McCray moves to quash the indictment, [Doc. 25], which the government opposes, [Doc. 31]. McCray has not filed a reply in support of his motion, and his pending motion is now ripe for review.

         II. DISCUSSION

         McCray first moves to quash Count One of the indictment, arguing that it “is predicated upon [him] having conspired with another person to defraud the United States by receiving ‘improper' kickbacks, ” but “[w]ith no evidence of either the existence of a conspiracy, nor proof of an agreement to defraud, nor evidence of any loss to the United States, Count One not only fails as a matter of law, but also fails unless [he] received ‘improper' kickbacks.” [Doc. 25-1 at 3]. McCray next asserts that Counts Two through Fifteen of the indictment must be dismissed because the “‘[k]ickback [s]tatute' is unconstitutionally vague.” [Id.]. In response, the government asserts that the charges in the indictment sufficiently allege a conspiracy and satisfy the statutes upon which the charges are based, and that the kickback statute is not unconstitutionally vague. [Doc. 31].

         1. Legal Standard

         “Federal Rule of Criminal Procedure 7(c) governs the requirements for what must be contained in the indictment to properly charge a crime.” United States v. Ressler, Criminal File No. 1:06-CR-103-1-TWT, 2007 WL 602210, at *2 (N.D.Ga. Feb. 16, 2007), adopted at *1. “Rule 7(c)(1) requires that ‘[t]he indictment or information [] be a plain, concise, and definite written statement of the essential facts constituting the offense charged and [] be signed by an attorney for the government.'” Id. (alterations in original) (quoting Fed. R. Crim. P. 7(c)(1)). “Rule 7(c)(1) further provides that ‘[f]or each count, the indictment or information must give the official or customary citation of the statute, rule, regulation, or other provision of law that the defendant is alleged to have violated.'” Id. (alteration in original) (quoting Fed. R. Crim. P. 7(c)(1)). The charges in the indictment satisfy the procedural requirements of Rule 7, see [Doc. 1], and McCray does not contend otherwise, see generally [Docs. 25 & 25-1]. Instead, he has advanced specific arguments with respect to each count of the indictment, which will be addressed.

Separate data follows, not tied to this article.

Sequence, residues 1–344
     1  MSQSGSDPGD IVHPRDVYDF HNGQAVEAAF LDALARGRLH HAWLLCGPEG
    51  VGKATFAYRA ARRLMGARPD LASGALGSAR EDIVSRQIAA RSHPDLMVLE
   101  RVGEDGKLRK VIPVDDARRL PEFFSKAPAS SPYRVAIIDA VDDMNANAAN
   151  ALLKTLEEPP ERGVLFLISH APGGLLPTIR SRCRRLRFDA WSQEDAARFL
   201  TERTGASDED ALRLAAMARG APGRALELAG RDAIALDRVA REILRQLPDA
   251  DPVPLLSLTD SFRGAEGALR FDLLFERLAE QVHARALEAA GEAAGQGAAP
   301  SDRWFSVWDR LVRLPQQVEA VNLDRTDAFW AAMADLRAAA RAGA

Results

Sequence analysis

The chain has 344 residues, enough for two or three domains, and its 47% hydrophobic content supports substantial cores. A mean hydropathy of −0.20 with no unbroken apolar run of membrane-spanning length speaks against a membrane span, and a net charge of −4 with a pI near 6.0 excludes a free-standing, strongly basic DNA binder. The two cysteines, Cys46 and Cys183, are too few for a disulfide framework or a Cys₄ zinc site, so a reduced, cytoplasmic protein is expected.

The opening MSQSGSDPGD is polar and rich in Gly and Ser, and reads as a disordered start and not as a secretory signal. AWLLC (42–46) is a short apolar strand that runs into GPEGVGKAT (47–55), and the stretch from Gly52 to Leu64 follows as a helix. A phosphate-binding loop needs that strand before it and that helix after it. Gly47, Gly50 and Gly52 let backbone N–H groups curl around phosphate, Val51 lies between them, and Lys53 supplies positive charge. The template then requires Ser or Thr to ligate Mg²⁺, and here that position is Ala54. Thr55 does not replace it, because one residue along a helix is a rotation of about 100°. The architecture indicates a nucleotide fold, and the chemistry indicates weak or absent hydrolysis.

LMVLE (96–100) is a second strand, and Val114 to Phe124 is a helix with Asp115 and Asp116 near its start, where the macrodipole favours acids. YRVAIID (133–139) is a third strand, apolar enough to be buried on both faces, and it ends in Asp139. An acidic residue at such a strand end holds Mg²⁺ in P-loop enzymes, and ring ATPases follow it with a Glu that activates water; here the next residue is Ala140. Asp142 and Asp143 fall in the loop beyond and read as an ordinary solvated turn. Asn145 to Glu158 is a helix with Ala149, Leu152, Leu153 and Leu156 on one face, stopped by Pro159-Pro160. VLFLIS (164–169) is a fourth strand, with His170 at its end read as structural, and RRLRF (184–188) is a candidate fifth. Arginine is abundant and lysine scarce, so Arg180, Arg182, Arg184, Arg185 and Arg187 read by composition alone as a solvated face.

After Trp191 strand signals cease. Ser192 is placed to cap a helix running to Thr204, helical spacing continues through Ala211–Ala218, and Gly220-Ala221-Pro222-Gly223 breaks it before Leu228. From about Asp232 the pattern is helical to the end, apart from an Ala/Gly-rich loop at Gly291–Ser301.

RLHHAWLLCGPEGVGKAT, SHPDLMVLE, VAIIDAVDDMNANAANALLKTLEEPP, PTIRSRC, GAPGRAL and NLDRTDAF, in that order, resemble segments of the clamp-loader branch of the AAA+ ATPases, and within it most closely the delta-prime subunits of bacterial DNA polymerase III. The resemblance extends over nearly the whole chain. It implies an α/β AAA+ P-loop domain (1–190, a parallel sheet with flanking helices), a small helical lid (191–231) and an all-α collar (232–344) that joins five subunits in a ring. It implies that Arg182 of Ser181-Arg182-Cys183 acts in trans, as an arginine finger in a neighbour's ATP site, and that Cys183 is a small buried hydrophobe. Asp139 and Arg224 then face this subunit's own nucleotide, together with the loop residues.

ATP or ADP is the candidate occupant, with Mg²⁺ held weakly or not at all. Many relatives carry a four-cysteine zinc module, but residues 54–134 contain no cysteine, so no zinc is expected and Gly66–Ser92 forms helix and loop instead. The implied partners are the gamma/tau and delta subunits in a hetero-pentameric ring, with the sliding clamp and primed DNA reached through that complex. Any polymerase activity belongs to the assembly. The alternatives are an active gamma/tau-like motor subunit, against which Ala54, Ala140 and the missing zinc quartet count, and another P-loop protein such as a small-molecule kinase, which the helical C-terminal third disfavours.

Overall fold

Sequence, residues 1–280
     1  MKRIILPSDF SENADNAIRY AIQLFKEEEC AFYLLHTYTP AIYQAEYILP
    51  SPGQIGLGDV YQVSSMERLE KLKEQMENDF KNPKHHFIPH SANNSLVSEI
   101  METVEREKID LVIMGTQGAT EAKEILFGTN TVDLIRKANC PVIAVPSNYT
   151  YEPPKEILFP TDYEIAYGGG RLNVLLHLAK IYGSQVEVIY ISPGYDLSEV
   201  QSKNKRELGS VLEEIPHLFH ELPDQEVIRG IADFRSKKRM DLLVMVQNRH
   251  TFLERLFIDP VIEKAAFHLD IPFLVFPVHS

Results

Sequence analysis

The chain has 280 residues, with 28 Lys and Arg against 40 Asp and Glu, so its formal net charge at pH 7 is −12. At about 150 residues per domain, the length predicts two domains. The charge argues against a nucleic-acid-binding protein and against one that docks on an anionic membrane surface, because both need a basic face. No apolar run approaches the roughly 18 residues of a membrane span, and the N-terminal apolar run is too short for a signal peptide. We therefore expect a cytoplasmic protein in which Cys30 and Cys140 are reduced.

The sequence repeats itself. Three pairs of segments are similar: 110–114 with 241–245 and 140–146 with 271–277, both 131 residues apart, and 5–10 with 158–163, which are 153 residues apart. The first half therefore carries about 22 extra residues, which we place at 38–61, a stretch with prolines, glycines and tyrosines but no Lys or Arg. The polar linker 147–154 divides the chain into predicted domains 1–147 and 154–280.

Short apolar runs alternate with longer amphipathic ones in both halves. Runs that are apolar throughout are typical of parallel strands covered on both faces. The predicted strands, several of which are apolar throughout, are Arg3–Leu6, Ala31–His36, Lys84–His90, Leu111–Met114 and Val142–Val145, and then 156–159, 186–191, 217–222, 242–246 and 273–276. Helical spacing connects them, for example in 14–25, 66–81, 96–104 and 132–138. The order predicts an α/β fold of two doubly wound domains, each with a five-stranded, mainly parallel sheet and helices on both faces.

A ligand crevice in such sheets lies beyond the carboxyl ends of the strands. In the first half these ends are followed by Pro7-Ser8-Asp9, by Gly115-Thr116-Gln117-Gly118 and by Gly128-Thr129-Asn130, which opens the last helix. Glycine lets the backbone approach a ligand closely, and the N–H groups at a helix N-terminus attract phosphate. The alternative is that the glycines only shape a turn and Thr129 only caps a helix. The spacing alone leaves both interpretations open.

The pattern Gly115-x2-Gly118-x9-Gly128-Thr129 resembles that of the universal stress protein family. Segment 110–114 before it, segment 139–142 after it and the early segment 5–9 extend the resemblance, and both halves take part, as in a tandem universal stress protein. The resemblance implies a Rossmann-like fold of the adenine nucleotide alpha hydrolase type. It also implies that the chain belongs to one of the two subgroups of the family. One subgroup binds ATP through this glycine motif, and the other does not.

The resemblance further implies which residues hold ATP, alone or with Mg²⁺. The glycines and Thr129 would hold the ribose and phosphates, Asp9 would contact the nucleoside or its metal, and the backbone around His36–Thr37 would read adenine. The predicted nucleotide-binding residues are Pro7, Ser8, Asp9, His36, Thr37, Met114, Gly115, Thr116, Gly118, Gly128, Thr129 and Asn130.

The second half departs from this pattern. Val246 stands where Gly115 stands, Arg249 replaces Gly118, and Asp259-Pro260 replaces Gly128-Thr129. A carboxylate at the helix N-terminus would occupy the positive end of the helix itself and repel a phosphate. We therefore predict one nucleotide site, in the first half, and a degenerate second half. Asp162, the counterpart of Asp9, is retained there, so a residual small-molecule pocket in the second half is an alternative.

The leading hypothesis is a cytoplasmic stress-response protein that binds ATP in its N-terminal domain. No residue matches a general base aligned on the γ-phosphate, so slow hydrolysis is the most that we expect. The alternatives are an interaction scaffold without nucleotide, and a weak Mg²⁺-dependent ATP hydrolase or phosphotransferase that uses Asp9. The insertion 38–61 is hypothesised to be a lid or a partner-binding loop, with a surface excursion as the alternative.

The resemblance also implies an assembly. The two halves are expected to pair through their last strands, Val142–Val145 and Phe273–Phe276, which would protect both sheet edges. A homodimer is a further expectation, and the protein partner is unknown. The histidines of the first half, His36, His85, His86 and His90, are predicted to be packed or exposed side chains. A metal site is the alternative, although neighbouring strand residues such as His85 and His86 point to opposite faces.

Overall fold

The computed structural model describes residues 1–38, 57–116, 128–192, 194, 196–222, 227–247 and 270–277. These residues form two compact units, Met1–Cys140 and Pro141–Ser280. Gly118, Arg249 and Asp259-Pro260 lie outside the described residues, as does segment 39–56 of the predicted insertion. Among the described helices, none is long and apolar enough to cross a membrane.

2.Count One of the Indictment

         McCray is charged in Count One with conspiring to commit offenses against the United States by engaging in unlawful kickback transactions, in violation of 18 U.S.C. § 371, which provides:

If two or more persons conspire either to commit any offense against the United States, or to defraud the United States, or any agency thereof in any manner or for any purpose, and one or more of such persons do any act to effect the object of the conspiracy, each shall be fined under this title or imprisoned not more than five years, or both.

18 U.S.C. § 371. McCray moves to dismiss this conspiracy count, arguing that “[t]he [s]tatute requires proof that two or more persons conspired to commit an offense against the United States, or to [d]efraud the United States” and that the United States “has disclosed in discovery . . . that it believes it can prove that a conspiracy existed between [McCray] and a specifically identified citizen of Afghanistan, ” but that “[a]ccording to counsel for [] the United States, the specifically identified citizen of Afghanistan will not be appearing to testify at the trial of the case” and since McCray “may not [be] force[d] . . . to testify, ” the “United States has produced neither an illegal agreement entered into by [McCray], nor any criminal intent” and therefore, “no illegal overt act can ...